Power Rangers Review

First they came for the TV shows of kids who grew up in the ’80s. It was only a matter of time before they came for my shows. As for how this big-screen adaptation fairs, color me indifferent.

I was 6 years old when Saban’s “Power Rangers” made its way to Fox Kids programming. The impression that this campy show – made by weaving footage of “teenagers with attitude” in Angel Grove with a Japanese “Super Sentai” show – left on me was indelible with its colors, imagination and structure. Yet the “Power Rangers” and their decades of iterations generated nostalgia for a wide array of Millennials, and the oldest subset (to which I belong) is definitely not the target demographic of the 2017 “reboot.”

“Power Rangers” takes aim at a 13-22 demographic to be sure with a story that combines “Transformers” with “The Breakfast Club.” A lot of attention is paid to story and rooting these five Rangers in reality. They are outcasts and renegades who have made mistakes. They seem to be attractive and cool on the outside but all experience some kind of pain, something that will surely resonate with teen audiences in a today’s era of digital appearances versus reality.

But what screenwriter John Gatins (“Real Steel”) and the two writing duos who worked on the story put into character development takes away from the entertainment value. The action of “Power Rangers” is delayed, scarce and no more remarkable than anything seen in the “Transformers” films, despite director Dean Israelite’s solidly kinetic direction. All the attention to giving the story some heart ends up taking away from the entertainment value.

In other words, in an effort to avoid the pitfalls of a “Transformers” film (all bots and no emotions), “Power Rangers” ends up being one of those classic, overdone origin stories. A huge chunk of the movie is dedicated to the Rangers becoming worthy enough to morph into their armor, a step we know they will take. The fact that they earn it doesn’t necessarily make the payoff sweeter when any fan of the movies knows it wouldn’t be a “Power Rangers” movie if the Rangers didn’t morph, or get in their Dino-Zords, or become the Megazord.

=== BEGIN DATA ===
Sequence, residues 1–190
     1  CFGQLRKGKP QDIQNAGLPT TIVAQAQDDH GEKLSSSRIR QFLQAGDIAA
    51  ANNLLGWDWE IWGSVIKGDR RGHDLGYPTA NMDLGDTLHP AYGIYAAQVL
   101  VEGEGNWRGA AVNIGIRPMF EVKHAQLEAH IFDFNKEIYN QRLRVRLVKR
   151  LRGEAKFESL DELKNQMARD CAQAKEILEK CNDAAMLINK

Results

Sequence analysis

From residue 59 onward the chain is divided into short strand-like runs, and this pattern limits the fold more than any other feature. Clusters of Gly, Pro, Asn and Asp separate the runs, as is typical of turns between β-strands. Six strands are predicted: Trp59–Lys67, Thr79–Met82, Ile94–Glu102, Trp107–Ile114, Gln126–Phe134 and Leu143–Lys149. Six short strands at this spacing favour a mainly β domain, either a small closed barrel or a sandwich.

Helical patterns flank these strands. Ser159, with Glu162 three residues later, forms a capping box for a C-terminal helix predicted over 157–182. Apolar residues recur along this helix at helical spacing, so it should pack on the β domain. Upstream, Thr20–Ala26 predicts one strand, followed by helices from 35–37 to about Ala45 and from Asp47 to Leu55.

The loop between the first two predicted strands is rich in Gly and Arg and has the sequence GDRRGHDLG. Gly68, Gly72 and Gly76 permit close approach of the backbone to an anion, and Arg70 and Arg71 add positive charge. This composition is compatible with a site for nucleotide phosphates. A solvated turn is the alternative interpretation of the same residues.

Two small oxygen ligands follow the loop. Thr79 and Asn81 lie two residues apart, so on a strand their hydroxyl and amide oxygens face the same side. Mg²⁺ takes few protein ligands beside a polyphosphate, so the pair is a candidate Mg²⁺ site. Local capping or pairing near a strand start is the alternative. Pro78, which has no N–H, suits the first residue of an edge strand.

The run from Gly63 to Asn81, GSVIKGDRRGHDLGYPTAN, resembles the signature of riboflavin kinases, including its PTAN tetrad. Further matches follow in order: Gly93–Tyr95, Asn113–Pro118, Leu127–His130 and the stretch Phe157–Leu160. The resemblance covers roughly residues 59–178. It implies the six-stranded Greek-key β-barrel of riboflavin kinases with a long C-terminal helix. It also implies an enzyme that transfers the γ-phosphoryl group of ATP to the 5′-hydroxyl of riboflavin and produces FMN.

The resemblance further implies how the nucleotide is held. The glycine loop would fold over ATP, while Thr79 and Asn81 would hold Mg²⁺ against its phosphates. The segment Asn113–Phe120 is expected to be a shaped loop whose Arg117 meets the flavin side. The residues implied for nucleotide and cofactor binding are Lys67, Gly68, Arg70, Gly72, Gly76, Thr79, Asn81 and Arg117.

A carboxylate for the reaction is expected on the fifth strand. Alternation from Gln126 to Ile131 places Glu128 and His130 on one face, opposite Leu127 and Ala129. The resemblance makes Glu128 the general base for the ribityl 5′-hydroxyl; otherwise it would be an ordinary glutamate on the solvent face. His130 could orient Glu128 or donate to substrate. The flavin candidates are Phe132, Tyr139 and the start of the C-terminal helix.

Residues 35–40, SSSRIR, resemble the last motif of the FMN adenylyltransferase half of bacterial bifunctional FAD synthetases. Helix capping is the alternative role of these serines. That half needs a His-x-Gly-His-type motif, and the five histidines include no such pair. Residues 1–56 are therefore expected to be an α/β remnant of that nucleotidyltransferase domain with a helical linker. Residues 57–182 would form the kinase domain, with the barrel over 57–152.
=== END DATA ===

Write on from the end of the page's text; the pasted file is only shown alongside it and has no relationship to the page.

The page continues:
The seriousness with which the film attends to character development also leaves someone like Elizabeth Banks as the evil sorceress, Rita Repulsa, out to dry. She’s the only character who maintains the campy tone of the TV series, meaning that as funny as Banks can be, she stands out in a painfully awkward way when she’s the only one making corny remarks – the humor among the Rangers is more modern campy (like when R.J. Cyler’s Billy says “Come at me, bro.”)

Camp doesn’t play well in modern blockbusters, but historically it’s an essential energy of the “Power Rangers” franchise. The movie does not embrace it, but neither can it avoid it – the whole series is about someone who just wants to take over the world and keeps making monsters to attack the same city, a plan that every time is thwarted by a group of teenagers. In approaching the material this way – focusing on character to make the “Power Rangers” content more meaningful yet not figuring out a way to make it equally more fun – the film straddles two incompatible tones. The film works toward and understands the value of both tones, but they only inhibit or contradict each other.

On the positive side, the art direction brings the previously spandex-and-plastic-clad Power Rangers to life in a visually compelling way and the stars – Dacre Montgomery, Naomi Scott, RJ Cyler, Ludi Lin and Becky G – make the script’s character work feel worth it.

“Power Rangers” is certainly not terrible, but struggles to be unique in a highly competitive blockbuster landscape. The elements of the film all feel borrowed from other superhero or “teens with powers” movies and not quite enough of the show’s spirit makes the cut to give ample props for the nostalgia factor. Far from an embarrassment, but far from a success.


2.5/5 Stars


Power Rangers
Directed by Dean Israelite
Written by John Gatins (screenplay), Matt Sazama & Burk Sharpless, Michele Mulroney & Kieran Mulroney (story)
Starring: Dacre Montgomery, Naomi Scott, RJ Cyler, Elizabeth Banks, Ludi Lin, Becky G


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